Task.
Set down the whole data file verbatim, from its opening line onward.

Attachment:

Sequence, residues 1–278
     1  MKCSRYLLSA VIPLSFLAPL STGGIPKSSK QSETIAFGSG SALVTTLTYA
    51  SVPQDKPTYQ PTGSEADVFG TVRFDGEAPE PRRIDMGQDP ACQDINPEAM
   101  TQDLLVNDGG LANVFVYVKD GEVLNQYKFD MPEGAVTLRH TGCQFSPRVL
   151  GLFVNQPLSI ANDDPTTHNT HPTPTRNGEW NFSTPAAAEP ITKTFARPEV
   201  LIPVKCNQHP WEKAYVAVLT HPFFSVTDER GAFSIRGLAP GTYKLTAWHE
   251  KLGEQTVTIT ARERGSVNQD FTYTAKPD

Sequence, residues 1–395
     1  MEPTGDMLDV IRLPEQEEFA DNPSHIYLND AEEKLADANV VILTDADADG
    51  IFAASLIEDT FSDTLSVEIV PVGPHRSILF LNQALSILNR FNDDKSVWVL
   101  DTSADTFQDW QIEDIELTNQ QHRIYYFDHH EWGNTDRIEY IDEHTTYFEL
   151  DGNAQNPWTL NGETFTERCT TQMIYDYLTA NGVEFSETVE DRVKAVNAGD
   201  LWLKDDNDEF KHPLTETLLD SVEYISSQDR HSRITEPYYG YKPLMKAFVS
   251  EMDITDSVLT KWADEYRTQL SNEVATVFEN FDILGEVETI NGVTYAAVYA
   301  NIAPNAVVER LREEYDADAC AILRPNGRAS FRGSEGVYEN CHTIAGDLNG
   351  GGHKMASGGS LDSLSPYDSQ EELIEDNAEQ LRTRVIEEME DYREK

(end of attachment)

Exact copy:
Sequence, residues 1–278
     1  MKCSRYLLSA VIPLSFLAPL STGGIPKSSK QSETIAFGSG SALVTTLTYA
    51  SVPQDKPTYQ PTGSEADVFG TVRFDGEAPE PRRIDMGQDP ACQDINPEAM
   101  TQDLLVNDGG LANVFVYVKD GEVLNQYKFD MPEGAVTLRH TGCQFSPRVL
   151  GLFVNQPLSI ANDDPTTHNT HPTPTRNGEW NFSTPAAAEP ITKTFARPEV
   201  LIPVKCNQHP WEKAYVAVLT HPFFSVTDER GAFSIRGLAP GTYKLTAWHE
   251  KLGEQTVTIT ARERGSVNQD FTYTAKPD

Sequence, residues 1–395
     1  MEPTGDMLDV IRLPEQEEFA DNPSHIYLND AEEKLADANV VILTDADADG
    51  IFAASLIEDT FSDTLSVEIV PVGPHRSILF LNQALSILNR FNDDKSVWVL
   101  DTSADTFQDW QIEDIELTNQ QHRIYYFDHH EWGNTDRIEY IDEHTTYFEL
   151  DGNAQNPWTL NGETFTERCT TQMIYDYLTA NGVEFSETVE DRVKAVNAGD
   201  LWLKDDNDEF KHPLTETLLD SVEYISSQDR HSRITEPYYG YKPLMKAFVS
   251  EMDITDSVLT KWADEYRTQL SNEVATVFEN FDILGEVETI NGVTYAAVYA
   301  NIAPNAVVER LREEYDADAC AILRPNGRAS FRGSEGVYEN CHTIAGDLNG
   351  GGHKMASGGS LDSLSPYDSQ EELIEDNAEQ LRTRVIEEME DYREK